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Rent From Parking Space Pocketed By Niece

Discussion in 'Small Claims & Municipal Court' started by Agent Gibbs, Jan 26, 2019.

  1. Agent Gibbs

    Agent Gibbs Law Topic Starter New Member

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    Jurisdiction:
    California
    My parents owned 2 condo units in the same building in SF and they also come with 2 parking spaces.

    In 2016, my niece moved here and my mom let her stayed in one of the condo and used the parking space for free. The other parking space was rented out to another tenant in the building.

    Later that year my mom passed away and i became the trustee of the family trust. The same week my mom passed away the renter of the other parking space moved out. During that time i didnt have the mood to handle the business of finding another renter, so i asked my niece to take care of that.

    Eventually someone rented the space. Between October 2016 and October 2018, when the grant deeds of both properties were still under my mom's name, my niece kept the rent from the parking space to herself. During those 2 years, i did raise the question of getting those rent back in front of other family members during a family gathering but she just ignored it and throwing a fit because from her standpoint i was humiliating her.

    I guess the question is do i have a case trying to recover those 2 years' of rent money, not for myself, but for the trust? When it comes to real estate property, she is not a beneficiary according to the trust.
    And i know in CA, the maximum amount i can ask for is $5000.
     
  2. adjusterjack

    adjusterjack Super Moderator

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    The trust would be the plaintiff. As trustee, I believe you would be permitted to represent the trust.

    The statute of limitations for breach of an oral contract (what you had with your niece) is two years so any rents that were collected more than two years prior to the date of a lawsuit would be excluded from the lawsuit.

    The maximum amount in CA small claims court is $10,000 for non-business entities:

    Basics - small_claims_selfhelp

    I think estates may fall into that. You'll have to check.

    CA requires you to make a demand for payment of the specific amount before suing.

    Criminal prosecution may be an option if you want to report the theft/conversion/embezzlement of the money.
     
  3. mightymoose

    mightymoose Moderator

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    That you allowed her to handle the matter for two years with no clear direction or requirements will likely work against you a bit. Certainly she will present a different point of view of the agreement that was made.
     
  4. Agent Gibbs

    Agent Gibbs Law Topic Starter New Member

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    To whom?
     
  5. adjusterjack

    adjusterjack Super Moderator

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    The police. Although the police may call it a civil matter and not respond. Then you'll have to move up the food chain to your local prosecutor.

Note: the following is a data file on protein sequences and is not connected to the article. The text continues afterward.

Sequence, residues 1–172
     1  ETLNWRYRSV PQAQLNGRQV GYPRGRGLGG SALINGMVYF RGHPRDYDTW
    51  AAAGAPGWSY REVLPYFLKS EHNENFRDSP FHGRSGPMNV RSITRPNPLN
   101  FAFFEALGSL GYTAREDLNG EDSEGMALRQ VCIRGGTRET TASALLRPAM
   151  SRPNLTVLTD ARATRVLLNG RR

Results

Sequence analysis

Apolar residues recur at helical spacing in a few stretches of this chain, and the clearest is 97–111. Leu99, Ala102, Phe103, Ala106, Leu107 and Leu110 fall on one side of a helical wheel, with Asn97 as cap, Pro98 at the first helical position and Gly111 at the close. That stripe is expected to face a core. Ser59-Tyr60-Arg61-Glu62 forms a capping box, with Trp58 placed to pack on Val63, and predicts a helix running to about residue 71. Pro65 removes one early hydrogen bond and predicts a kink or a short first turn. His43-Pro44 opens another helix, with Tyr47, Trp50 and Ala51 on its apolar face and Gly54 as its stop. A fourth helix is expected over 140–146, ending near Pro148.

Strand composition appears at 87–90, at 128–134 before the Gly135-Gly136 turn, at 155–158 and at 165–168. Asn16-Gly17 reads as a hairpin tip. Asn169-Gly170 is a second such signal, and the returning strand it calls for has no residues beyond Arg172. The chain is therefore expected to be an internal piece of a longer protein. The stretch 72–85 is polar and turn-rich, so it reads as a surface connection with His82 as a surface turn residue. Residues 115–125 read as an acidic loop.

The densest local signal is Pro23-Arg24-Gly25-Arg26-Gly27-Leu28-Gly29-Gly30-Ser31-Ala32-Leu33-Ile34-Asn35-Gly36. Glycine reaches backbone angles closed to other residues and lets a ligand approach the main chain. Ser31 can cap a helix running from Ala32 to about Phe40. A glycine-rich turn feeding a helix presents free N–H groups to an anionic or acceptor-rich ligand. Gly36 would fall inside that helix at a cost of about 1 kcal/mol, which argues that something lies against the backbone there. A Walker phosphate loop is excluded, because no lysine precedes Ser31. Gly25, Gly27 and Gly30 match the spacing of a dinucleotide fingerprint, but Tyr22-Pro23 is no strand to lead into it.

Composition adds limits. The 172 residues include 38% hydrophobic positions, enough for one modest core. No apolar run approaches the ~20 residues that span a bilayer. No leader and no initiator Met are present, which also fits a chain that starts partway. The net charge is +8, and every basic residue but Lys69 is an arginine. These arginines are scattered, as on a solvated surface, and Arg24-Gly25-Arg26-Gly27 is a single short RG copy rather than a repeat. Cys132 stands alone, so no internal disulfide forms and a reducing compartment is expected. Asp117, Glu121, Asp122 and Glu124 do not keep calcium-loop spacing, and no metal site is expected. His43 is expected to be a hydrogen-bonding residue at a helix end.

6. mightymoose

    mightymoose Moderator

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    Police won't have anything to do with it. This is clearly a civil issue.

     
  7. flyingron

    flyingron Active Member

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    And I'm going to have to disagree. While a trustee can certainly start a claim, California case law is pretty clear. Non-attorney trustees cannot represent the trust in court.
     
  8. zddoodah

    zddoodah Well-Known Member

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    I'm not sure why this is relevant given that you said the title to the properties was "under [your] mom's name."

    "Renter of the other parking space"? Are you saying that someone rented the parking space by itself? Or did this person also rent the other condo (the one your niece wasn't living in)?

    Again, are we talking about only rent for a parking space? Or rent for the other condo and the parking space? Also, are you sure title was in your mother's name (by herself), and not in the trust's name?

    If the trust owns the properties (which your post seems to indicate is not the case), yes. However, one problem you'll have is that your post indicates rather unequivocally that you have breached your fiduciary duties as trustee. If your niece was withholding the rental payments, this should have been addressed immediately, not two years down the road.

    I have to imagine that two years' worth of rent on a condo in California is going to be at least $25-30,000, which is well beyond the jurisdictional limit of small claims court (to get within the $5k small claims limit, the rent would have to be barely over $200 per month). This would be handled in the unlimited division of the superior court (maybe the limited division if the place is a real dump and not in a desirable area such that the rent for two years would be under $25k).

    You need to retain an attorney, and not just for purposes of suing your niece.

    Concur.
     
  9. mightymoose

    mightymoose Moderator

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    I believe this is only regarding the parking space. Significantly less money involved.
     
  10. Agent Gibbs

    Agent Gibbs Law Topic Starter New Member

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    No, she actually never rented the space out.

    Instead, i recently found out she has a roommate all these time without my knowledge and permission.
     

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